“So I recommend we not pay another consultant to go back and look at that,” Ottaviano said. “The decision now should be when we start these new accounts should we be looking at some current computer software that’s more in line with a water authority?”

Shepard said software ill-suited for the water authority’s operations contributed to the accounting errors.

After the meeting concluded, Touma said: “I think what this shows is there were issues with the transactions. It also shows they’ve had a balance sitting in the funds for quite some time, which leads me to believe that when we’ve had some major capital improvements that have been completed where the the water board said they couldn’t contribute, I think they misled the public.”

“As a council and as community we need to push for that,” Touma said of reducing rates.

“I wish we would have had a chance to speak after the report was presented. But we’ll have our opportunity in the future, and certainly I’m looking to more people coming out and urging the board and the administration to move in this direction.”


Residents should let the council and the administration know what they think should be done with the $3.4 million the Niagara Falls Water Board inadvertently collected.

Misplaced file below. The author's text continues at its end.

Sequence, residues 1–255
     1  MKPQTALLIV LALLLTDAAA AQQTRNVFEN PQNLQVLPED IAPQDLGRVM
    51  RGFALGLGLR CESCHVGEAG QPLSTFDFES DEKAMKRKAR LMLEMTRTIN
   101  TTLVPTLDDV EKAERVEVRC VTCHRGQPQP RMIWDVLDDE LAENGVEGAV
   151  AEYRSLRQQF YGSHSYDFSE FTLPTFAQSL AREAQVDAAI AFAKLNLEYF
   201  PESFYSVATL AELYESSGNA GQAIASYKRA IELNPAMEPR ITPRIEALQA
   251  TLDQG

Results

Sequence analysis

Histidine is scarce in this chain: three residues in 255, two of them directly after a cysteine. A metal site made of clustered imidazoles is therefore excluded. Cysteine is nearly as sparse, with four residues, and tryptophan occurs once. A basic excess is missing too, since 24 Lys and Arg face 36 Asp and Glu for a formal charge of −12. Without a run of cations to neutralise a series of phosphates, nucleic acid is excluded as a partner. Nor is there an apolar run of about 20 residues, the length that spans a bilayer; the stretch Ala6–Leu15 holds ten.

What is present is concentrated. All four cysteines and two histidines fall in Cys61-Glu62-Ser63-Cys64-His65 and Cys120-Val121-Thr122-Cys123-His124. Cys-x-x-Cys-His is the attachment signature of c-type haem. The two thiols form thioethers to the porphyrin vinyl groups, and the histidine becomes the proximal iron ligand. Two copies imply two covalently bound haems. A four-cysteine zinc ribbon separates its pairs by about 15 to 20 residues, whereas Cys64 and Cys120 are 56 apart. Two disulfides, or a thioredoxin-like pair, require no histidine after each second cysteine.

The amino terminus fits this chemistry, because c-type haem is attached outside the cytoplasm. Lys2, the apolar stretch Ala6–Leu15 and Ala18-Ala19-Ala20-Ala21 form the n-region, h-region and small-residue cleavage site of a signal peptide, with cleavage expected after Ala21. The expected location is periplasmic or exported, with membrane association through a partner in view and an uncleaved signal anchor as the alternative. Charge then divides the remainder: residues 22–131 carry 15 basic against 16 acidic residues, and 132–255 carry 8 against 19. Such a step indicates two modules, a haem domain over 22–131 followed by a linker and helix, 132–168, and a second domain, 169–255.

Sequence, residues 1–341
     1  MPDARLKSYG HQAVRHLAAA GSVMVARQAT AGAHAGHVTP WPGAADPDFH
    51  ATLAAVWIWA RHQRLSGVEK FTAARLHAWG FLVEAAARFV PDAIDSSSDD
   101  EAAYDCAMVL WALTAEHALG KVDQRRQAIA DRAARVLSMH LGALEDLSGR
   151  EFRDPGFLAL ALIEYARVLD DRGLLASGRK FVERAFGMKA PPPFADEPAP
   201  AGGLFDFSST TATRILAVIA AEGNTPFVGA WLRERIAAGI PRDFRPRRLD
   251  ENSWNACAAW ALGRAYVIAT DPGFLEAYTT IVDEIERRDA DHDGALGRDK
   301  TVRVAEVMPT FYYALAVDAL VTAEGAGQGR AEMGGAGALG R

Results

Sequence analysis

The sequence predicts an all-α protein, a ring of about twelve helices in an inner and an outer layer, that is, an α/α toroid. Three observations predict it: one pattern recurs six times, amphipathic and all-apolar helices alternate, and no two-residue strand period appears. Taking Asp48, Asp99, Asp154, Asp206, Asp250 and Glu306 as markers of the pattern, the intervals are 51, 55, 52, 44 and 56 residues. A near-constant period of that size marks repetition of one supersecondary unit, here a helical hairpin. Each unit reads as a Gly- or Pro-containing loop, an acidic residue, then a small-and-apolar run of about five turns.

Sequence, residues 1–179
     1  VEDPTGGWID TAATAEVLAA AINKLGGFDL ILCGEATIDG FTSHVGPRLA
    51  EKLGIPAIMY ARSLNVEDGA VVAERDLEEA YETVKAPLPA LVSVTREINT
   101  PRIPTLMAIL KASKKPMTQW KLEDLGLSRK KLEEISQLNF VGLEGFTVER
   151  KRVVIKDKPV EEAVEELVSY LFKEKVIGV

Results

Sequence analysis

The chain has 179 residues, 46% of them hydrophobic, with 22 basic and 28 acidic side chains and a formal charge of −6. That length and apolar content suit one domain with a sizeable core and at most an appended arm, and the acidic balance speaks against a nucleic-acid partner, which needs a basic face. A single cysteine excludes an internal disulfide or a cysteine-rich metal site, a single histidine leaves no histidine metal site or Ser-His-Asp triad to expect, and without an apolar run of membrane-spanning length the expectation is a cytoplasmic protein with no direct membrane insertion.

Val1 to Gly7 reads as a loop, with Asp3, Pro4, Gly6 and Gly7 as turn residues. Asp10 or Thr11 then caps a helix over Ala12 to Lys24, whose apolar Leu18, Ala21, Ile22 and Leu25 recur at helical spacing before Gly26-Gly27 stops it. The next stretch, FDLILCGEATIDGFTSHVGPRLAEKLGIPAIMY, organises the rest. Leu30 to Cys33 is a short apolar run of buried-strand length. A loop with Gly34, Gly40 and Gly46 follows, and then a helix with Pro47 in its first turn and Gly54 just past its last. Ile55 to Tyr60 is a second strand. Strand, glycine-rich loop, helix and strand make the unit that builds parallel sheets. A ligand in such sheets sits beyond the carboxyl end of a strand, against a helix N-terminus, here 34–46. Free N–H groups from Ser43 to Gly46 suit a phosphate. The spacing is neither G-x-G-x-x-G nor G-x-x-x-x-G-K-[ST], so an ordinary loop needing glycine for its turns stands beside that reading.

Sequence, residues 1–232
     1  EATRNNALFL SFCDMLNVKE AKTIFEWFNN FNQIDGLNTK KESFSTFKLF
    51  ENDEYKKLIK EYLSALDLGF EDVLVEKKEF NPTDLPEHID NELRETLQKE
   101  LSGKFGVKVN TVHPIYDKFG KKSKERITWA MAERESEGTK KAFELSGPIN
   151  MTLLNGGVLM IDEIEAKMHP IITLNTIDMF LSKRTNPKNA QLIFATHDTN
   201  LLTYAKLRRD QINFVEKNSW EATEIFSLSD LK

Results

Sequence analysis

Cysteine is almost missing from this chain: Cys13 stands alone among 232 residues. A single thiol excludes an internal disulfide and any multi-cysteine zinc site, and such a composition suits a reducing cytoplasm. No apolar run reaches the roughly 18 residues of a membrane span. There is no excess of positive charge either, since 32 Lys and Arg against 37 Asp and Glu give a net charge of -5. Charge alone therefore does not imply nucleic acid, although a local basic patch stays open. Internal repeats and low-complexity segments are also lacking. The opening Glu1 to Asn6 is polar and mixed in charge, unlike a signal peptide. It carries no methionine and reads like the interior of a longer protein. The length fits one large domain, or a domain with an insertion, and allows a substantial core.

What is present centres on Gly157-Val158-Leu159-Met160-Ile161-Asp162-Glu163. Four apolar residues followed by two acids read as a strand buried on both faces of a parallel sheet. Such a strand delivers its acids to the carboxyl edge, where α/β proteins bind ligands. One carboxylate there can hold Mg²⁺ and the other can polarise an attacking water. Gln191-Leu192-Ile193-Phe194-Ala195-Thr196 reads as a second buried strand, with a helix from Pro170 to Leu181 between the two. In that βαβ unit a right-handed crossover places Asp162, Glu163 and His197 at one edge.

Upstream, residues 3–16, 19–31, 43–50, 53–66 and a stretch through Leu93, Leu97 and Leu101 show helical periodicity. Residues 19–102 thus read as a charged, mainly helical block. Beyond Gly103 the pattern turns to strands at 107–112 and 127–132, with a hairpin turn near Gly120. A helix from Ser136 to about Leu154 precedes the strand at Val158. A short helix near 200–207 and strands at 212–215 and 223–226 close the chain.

Resident Roy McDowell, who attended the meeting, had this to say: “It is unbelievable that the water board could go 12 years with ‘inappropriate’ accounting software. Basically they’re saying their accountants and their attorneys are incompetent and unable to audit or analyze their books. For that reason alone Paul Drof should be terminated as well as the CPA and the legal counsel. But the really incompetent part is to say that the balance sheet at the end of the day — or year — didn’t reflect the ‘extra’ 3.4 million.”

About The Author
Joseph Kissel
Joseph Kissel is a journalist, editor and photographer. He is also the Vice President of the New York Coalition for Open Government, a non-partisan, non-profit group that advocates for transparency and the public's right to freedom of information.